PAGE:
Tag Archives: colin lawrence

Trouble in Mindanao

Overview of the city as government forces attempt to free hostages from the MNLF

Overview of the city as government forces attempt to free hostages from the MNLF

COLIN LAWRENCE

A lot of blood has been shed in the last few weeks: suicide bombings in Iraq, Afghanistan, and Pakistan; shootings in Chicago, Kashmir, and Washington, DC; and hostage crises in Kenya and the Philippines. Some of these conflicts are well-known and well-publicized. Over 200 members of the Moro National Liberation Front (MNLF) entered Zamboanga City and seven neighboring districts, taking hostages and boarding themselves up in government buildings. The historical background of this conflict is less well-known but no less important.

The fighting between rebel groups, based in Mindanao, and the Filipino government has been going on since the late 1960s.  Continue reading

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Human Rights Monitoring, Google Glass, and the Right to Privacy

COLIN LAWRENCE

Google glass prof

I’m a big fan of new technologies in general, and the introduction of Google Glass has me really excited. Will I be able to afford one? No. Will most people? At $1500 for the current developer-oriented kit, I highly doubt it, unless you work somewhere on Wall Street. What intrigues me about Google Glass is it’s potential for human rights monitoring projects.  Not to mention the other technologies that have become available in the global struggle for consistent and reliable accountability mechanisms.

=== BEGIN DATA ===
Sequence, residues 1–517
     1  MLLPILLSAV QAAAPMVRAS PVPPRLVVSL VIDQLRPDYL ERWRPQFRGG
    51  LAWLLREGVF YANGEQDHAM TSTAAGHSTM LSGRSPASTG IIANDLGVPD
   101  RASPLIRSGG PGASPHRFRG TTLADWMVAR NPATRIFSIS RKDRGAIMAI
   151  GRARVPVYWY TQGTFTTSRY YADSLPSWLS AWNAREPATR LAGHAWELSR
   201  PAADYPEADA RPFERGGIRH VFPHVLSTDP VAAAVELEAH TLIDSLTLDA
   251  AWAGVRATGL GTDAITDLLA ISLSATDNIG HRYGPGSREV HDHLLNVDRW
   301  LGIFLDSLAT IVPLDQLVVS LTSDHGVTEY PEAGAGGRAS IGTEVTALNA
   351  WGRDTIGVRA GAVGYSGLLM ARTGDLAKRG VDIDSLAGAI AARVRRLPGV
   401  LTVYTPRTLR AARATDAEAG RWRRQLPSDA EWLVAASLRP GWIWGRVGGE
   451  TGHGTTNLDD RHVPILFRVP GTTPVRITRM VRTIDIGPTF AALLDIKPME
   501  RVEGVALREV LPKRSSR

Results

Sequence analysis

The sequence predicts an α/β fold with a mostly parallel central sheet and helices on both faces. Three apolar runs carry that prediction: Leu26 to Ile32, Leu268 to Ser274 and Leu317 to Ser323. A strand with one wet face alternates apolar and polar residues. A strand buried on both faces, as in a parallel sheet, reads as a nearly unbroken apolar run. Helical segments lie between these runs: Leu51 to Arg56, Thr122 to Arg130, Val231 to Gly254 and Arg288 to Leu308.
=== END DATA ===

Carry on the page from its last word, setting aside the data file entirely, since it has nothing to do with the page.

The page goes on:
Simmering conflicts around the globe have spawned numerous allegations of human rights abuse but are often areas of limited access. Continue reading

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Pakistan’s 2013 Elections: Progress and Pugnacity

Pakistan votes

Ten points to team Pakistan!

For the first time in it’s history, Pakistan’s government has made a peaceful democratic transition from ruling party to an opposition party.  There’s a lot to be said of this, noting how far Pakistan has come.

Pakistan is the fifth largest democracy in the world and has experienced a tumultuous back and forth between military and civilian governance.  After a bloody split from India as part of British decolonization, Pakistan was led by the internationally renowned Muhammad Ali Jinnah, who was instrumental in the establishment of an independent state dedicated to protecting  Muslims on the Indian subcontinent. His death less than 13 months later left the young country to less capable statesmen, who failed to govern as its inchoate political institutions floundered. The military was viewed as a pillar of stability, having inherited the majority of officers in the former British India military hierarchy. Following a spate of political instability, Pakistan experienced it’s first coup in 1958 under General Ayub Khan, who declared himself the new President. Continue reading

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